The rapid internationalization of markets for venture capital is expanding the funding alternatives available to entrepreneurs. For venture capital firms, this trend spells intensified competition in markets already at or past saturation. At issue for both entrepreneurs and venture capital firms is how and when venture capitalists (VCs) can provide meaningful oversight and add value to their portfolio companies beyond the provision of capital. An important way VCs add value beyond the money they provide is through their close relationships with the managers of their portfolio companies. Whereas some VCs take a very hands-off approach to oversight, others become deeply involved in the development of their portfolio companies. Utilizing surveys of VCs in the United States and the three largest markets in Europe (the United Kingdom, the Netherlands, and France), we examined the determinants of interaction between VCs and CEOs, the roles VCs assume, and VCs' perceptions of how much value they add through these roles. We examined the strategic, interpersonal, and networking roles through which VCs are involved in their portfolio companies, and we analyzed how successful such efforts were. By so doing we were able to shed light on how and when VCs in four major markets expend their greatest effort to provide oversight and value-added assistance to their investment companies. Consistent with prior empirical work, we found that VCs saw strategic involvement as their most important role, i.e., providing financial and business advice and functioning as a sounding board. They rated their interpersonal roles (as mentor and confidant to CEOs) as next in value. Finally, they rated their networking roles (i.e., as contacts to other firms and professionals) as third most important. These ratings were consistent across all four markets. VCs in the United States and the United Kingdom were the most involved in their ventures, and they added the most value. VCs in France were the least involved and added the least value; VCs in France appeared to be least like others in terms of what factors drove their efforts. Our theoretical models explained a greater proportion of variance in governance and value added in the United States than elsewhere. Clear patterns of behavior emerged that reflect the manner in which different markets operate. Among the European markets, practices in the United Kingdom appear to be most like that in the United States. Determinants of Governance (Face-to-Face Interaction) We operationalized VC governance or monitoring of ventures as the amount of face-to-face interaction VCs had with venture CEOs. We found some evidence that VCs increase monitoring in response to agency risks, but the results were mixed. Lack of experience on the part of CEOs did not prompt significant additional monitoring as had been predicted. A more potent determinant was how long the VC-CEO pairs worked together; longer relationships mitigated agency concerns and reduced monitoring. Contrary to expectations, perceived business risk in the form of VCs' satisfaction with recent venture performance had little impact on face-to-face interaction. Monitoring was greatest in early stage ventures, indicating that VCs respond to high uncertainty by increased information exchange with CEOs. We measured two types of VC experience and found different patterns for the two. Generally speaking, VCs with greater experience in the venture capital industry required less interaction with CEOs, whereas VCs with greater experience in the portfolio company's industry interacted more frequently with CEOs than did VCs without such experience. Determinants of Value Added We argued that VCs would most add value to ventures when the venture lacked resources or faced perceived business risks, when the task environment was highly uncertain, and when VCs had great investing and operating experience. Contrary to expectations, VCs added most value to those ventures already performing well. As we had predicted, VCs did add relatively more value when uncertainty was high: e.g., for ventures in the earliest stages and for ventures pursuing innovation strategies. Finally, we found that VCs with operating experience in the venture's focal industry added significantly more value than those with less industry-specific experience. These results are consistent with anecdotal evidence that entrepreneurs have a strong preference for VCs with similar backgrounds as their own. We found no evidence that experience in the venture capital industry contributed significantly to value added. Together, these results suggest that investigations of the social as well as economic dimensions of venture building may prove a fruitful avenue for future study. Overall, the results showed that value-added is strongly related to the amount of face-to-face interaction between VC-CEO pairs and to the number of hours VCs put in on each individual venture. Implications for Venture Capitalists The competition for attractive investments is heating up as economies become more globalized. Thus, the pressure on venture capital firms to operate both efficiently and effectively is also likely to build. It is as yet unclear whether the recent trend toward later stage, safer investments will continue, and how those venture capital firms following this path can differentiate themselves from other sources of capital. Venture capital firms that are able to choose the appropriate bases for determining governance effort and the appropriate roles for delivering added value to their portfolio companies will be those most likely to survive. In the largest, most robust markets (i.e., the United States and the United Kingdom), more effort is expended by venture capitalists to deliver something of value beyond the money. This suggests that the tradeoff preferred by those succeeding is to be more rather than less involved in their investments. Our results indicate that VCs clearly economize on the time they devote to involvement in their portfolio companies. However, our results also indicate that they do this at the great peril of producing value insufficient to justify the cost of their product. Implications for Entrepreneurs Our findings provide two important insights for entrepreneurs. First, they show that where and when they obtain venture capital is likely to have an impact on the extent and nature of effort delivered by their venture capital investors. It appears that on average entrepreneurs receiving venture capital in the United States and the United Kingdom will be more closely monitored and will receive more value-adding effort from their VCs than will those in France or the Netherlands. Needless to say, entrepreneurs should consider their preferences for level and type of involvement from their investors as they consider their choice of partners. In France, for example, VCs put great emphasis on their financial role in comparison with other roles, but they contribute much less than VCs elswhere via other strategic, interpersonal, and networking roles. The second key implication of our findings is that entrepreneurs may be able to gauge what roles VCs will see as most important, when VCs are more or less apt to become involved in their companies, and when they believe they can most add value. Such knowledge may help CEOs anticipate VC activity, be aware of the parameters of VCs' preferences, communicate their own preferences, and negotiate the timing and extent of interaction. For example, although our results indicate that geographic distance significantly limits face-to-face interaction, it appears to have less impact on the amount of value added. Implications for Researchers Much more can be learned about the relative efficiency and effectiveness of alternative governance arrangements. Little is known about how formal structures such as contract covenants and board control work in conjunction with informal oversight and interaction. Even less is known about how value is added and how it is best measured. Although this study took a step toward developing a model of the circumstances under which value is added, the theory and its operationalization await further development.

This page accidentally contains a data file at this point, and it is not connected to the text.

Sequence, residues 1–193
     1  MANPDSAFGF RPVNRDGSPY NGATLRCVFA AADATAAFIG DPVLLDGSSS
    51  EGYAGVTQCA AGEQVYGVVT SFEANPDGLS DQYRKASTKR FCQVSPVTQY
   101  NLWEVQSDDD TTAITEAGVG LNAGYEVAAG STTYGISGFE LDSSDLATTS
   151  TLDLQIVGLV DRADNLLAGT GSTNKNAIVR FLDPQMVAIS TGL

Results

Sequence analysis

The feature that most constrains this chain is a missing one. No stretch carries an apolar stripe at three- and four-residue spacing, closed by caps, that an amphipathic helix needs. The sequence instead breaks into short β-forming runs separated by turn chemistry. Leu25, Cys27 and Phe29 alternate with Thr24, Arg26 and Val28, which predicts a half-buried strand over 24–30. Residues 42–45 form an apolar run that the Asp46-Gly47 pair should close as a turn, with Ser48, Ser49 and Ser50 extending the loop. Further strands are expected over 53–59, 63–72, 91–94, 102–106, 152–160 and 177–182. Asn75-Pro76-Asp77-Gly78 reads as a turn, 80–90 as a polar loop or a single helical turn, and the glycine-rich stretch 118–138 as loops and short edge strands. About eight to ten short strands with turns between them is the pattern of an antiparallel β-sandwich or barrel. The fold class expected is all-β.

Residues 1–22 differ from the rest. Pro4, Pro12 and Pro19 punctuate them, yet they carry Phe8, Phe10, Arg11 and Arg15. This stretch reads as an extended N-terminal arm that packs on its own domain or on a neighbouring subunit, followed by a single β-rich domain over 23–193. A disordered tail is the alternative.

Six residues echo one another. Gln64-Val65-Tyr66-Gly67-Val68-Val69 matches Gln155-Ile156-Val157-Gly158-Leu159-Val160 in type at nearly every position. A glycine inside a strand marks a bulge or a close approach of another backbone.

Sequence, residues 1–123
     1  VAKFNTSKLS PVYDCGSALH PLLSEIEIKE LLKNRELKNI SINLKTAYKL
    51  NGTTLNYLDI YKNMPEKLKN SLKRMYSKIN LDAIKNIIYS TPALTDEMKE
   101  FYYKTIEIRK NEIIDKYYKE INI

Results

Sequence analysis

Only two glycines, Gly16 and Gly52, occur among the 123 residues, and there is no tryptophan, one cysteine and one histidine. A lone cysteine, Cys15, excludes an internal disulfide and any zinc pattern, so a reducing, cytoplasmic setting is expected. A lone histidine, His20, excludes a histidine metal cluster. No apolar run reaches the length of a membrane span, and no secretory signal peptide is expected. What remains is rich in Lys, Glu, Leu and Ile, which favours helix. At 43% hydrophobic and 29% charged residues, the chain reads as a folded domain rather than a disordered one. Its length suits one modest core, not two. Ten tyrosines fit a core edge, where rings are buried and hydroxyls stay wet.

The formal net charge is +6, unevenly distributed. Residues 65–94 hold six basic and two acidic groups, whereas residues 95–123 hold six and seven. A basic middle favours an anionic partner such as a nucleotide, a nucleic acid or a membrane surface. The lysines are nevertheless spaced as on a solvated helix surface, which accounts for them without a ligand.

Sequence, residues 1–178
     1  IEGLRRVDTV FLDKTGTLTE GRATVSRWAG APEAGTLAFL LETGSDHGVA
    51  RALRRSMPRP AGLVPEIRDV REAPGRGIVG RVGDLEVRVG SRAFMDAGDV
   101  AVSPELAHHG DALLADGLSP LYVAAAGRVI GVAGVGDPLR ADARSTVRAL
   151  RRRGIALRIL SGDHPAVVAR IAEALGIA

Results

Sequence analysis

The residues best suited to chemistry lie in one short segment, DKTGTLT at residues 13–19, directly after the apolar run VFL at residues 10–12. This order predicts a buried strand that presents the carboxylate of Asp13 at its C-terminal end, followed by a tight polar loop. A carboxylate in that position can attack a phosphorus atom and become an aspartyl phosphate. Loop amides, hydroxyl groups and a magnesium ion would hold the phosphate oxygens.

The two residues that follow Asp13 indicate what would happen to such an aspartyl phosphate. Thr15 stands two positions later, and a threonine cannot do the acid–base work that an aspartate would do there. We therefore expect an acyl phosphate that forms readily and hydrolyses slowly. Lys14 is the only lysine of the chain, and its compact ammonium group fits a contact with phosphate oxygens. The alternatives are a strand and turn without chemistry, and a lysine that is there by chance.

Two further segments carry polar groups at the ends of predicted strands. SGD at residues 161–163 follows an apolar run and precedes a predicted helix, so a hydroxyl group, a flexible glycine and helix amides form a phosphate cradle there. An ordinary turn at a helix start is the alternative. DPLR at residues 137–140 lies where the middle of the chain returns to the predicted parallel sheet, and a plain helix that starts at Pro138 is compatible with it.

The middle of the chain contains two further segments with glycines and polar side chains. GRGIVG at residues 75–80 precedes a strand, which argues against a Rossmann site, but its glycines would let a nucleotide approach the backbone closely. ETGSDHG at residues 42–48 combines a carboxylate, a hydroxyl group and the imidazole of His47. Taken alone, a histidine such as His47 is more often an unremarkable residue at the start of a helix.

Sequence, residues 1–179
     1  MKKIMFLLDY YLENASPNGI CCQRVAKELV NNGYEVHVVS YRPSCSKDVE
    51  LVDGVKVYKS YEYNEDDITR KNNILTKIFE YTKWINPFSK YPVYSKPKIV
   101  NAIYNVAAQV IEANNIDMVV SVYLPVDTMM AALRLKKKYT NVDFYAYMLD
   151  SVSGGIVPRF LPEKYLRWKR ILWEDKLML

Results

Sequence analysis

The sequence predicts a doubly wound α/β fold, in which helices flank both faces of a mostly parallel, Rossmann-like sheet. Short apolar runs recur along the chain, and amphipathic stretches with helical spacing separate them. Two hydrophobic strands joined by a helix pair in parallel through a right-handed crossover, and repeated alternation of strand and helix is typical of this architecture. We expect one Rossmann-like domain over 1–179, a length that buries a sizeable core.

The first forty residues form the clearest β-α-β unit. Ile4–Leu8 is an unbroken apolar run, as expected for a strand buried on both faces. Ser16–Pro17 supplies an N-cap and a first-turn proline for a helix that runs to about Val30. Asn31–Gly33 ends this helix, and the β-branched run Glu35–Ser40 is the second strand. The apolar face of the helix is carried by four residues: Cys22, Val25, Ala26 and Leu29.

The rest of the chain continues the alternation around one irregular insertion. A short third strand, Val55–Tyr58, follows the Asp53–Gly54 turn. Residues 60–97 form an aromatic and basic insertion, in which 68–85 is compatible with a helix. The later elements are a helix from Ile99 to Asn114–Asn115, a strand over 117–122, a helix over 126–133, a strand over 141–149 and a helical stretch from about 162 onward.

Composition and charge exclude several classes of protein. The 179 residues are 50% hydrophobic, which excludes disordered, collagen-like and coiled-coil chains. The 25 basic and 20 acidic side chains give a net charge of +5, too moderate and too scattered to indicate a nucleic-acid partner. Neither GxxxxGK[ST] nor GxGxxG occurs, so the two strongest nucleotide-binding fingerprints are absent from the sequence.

Bibliographical noteFunding Information:
Address correspondence to Harry J. Sapienza, College of Business Administration, University of South Carolina, Columbia, SC 29208. This research has been funded in part by the Center for International Business and Economic Research at the University of South Carolina and by the University of Ghent, Belgium.